WordPress is the undisputed king of the CMS realm with a worldwide market share of over 60%. With over 450 million websites using it, any dangerous security threat has the potential to adversely affect a vast amount of people and businesses.

Third party plugins

Plugins are an essential part of making websites what they are by adding features and functionality, such as contact forms, photo galleries, sliders and much more. These incredibly useful tools can transform a WordPress website from bog standard to a flexible and customisable powerhouse.

The downside is that they can cause security vulnerabilities in websites, however. As the multitude of third party WordPress plugins can be created by anyone, many are riddled with flaws and backdoors that can allow hackers access to the websites that they’re installed on.

Recent cyberattacks

The most recent example of a third-party WordPress plugin with a security issue is a plugin called File Manager. A piece of open-source software designed to help administrators manage files via a management interface, the plugin contains an extra library called elFinder which suffers an easily exploitable vulnerability.

During a routine update four months ago, its developers renamed a certain file and accidentally added it to the project instead of keeping it as a local change. This alteration allows unauthenticated access to this file and therefore the ability to enact commands to the library. By permitting the uploading and modifying of files, this chink in the plugin’s armour can permit the complete takeover of the associated website. Any successful probe leads to the hacker uploading a web shell disguised inside an image file on the unfortunate website’s server.

As File Manager is a very popular plugin for WordPress, approximately 700,000 separate WordPress sites have been left open for attack. Once this weakness became known among hackers, it immediately became highly popular because of its high impact and easy exploitation. The first attacks began on 31st August at 1,500 an hour, rising to over 10,000 by 2nd September.

How the File Manager plugin developer responded

This type of security issue is known as a ‘zero-day vulnerability’, which means that the developer found out about the flaw without having time to fix the problem. The ‘zero-day’ refers to how they have ‘zero days’ to sort out the issue and it may have already been exploited by malicious hackers.

In the case of the third-party developed File Manager, the developers quickly deleted the file to repair the plugin’s defences and make it safe again via an update within the day. While any website that upgrades to the new version of File Manager should be safe, those that haven’t done this yet are still unfortunately wide open to attack – and will be until they download the latest patch.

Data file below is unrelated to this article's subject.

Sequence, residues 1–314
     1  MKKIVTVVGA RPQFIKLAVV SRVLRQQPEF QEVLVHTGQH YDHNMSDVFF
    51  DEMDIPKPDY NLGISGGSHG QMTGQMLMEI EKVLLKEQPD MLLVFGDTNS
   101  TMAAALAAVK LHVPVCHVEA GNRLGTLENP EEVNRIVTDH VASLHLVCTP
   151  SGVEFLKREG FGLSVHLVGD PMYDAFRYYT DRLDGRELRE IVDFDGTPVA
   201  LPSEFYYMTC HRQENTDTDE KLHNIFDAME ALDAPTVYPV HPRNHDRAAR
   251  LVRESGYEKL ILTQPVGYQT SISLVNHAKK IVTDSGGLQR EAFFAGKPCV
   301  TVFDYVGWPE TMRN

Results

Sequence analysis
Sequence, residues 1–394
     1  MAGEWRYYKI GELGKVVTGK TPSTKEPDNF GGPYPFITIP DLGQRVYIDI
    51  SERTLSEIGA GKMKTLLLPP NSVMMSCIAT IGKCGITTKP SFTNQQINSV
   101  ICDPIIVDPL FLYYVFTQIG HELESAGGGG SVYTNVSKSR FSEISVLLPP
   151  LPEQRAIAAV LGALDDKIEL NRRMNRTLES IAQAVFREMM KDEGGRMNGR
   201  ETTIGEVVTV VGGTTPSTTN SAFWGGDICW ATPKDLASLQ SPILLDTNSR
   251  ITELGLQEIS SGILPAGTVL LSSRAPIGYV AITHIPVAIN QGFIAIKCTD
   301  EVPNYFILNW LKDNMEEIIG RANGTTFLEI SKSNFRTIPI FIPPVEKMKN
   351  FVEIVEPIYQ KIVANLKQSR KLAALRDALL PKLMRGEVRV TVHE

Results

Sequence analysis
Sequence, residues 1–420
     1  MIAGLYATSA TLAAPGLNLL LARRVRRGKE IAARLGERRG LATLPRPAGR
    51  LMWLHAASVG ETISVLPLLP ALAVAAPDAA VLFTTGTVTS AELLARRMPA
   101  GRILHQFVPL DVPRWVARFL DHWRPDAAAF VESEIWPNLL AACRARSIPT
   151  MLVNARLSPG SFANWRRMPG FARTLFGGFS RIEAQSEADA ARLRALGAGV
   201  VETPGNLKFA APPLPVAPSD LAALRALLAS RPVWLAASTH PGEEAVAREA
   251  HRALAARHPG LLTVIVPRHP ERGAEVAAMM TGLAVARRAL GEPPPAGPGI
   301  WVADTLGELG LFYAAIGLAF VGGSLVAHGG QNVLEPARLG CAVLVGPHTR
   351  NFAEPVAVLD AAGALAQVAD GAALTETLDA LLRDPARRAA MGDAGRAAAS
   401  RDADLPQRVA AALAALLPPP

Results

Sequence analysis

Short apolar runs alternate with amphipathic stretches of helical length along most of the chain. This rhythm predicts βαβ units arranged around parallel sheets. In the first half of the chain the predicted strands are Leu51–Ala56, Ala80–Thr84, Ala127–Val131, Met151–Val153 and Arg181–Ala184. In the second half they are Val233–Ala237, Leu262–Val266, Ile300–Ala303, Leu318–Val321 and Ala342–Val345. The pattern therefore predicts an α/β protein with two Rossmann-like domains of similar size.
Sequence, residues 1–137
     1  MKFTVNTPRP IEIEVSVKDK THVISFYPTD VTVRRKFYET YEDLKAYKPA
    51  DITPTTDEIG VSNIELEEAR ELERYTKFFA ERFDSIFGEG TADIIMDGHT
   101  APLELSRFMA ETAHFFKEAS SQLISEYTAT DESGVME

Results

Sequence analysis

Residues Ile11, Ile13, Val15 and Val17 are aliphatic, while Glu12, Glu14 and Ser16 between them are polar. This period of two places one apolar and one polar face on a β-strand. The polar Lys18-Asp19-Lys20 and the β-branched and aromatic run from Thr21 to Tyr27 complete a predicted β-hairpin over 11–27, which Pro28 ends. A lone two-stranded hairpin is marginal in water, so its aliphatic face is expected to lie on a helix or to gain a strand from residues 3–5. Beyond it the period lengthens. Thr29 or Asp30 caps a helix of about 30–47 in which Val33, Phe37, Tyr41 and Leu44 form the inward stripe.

How can I protect against cybersecurity threats to my plugins?

In short – ensure that you always have the latest patch or update for your WordPress plugins! There are too many other threats to your cybersecurity out there to neglect your plugins.

With the horde of different third party WordPress plugins available, even the very best of web hosts can’t assume responsibility for making sure your plugins are up to date. Developers tend to be on the ball when fixing potential security risks, but it’s up to you to make sure that your plugins are protected with the latest patch or update. Keeping one eye on the latest news regarding security breaches is also prudent.

Updating and patching your WordPress plugins very regularly is the key to keeping your website as secure as possible. You have two options to ensure that this is done:

The human option

WordPress has a simple update system that automatically searches for plugin, theme and core software updates, and gives you notifications when it finds one. Updating your WordPress plugins is thankfully very straightforward as a task, as it  can be carried out simply by going onto the dashboard and making a few clicks.

Easy huh? Unfortunately, this is an important task that relies on a human to remember to do it every week. As well as the obvious danger of forgetting to do it, a person who runs a website on their own wouldn’t be able to delegate the task if they went on holiday for example. For larger businesses, tracking who pressed what, where and when can cause a surprising amount of problems.

The automated option

The alternative to doing this manually is automating your plugins updates.

There is also a number of different automatic update and patching options that you can explore, such as the Easy Updates Manager. This plugin automates your WordPress core plugins as well as the vast majority of your third party ones. It’s worth noting however, that this type of tool may not be able to update every third party plugin as they may be incompatible due to their customer update mechanisms.

In the near future though, we may soon have the option of letting WordPress automatically update third party plugins, as well as its own core software. Until that date however, just make sure your plugins are secure whichever path you choose to walk down.

Fasthosts offers a range of cybersecurity tools such as auto-updates and malware scanning to prevent vulnerabilities being exploited on its WordPress hosting plan.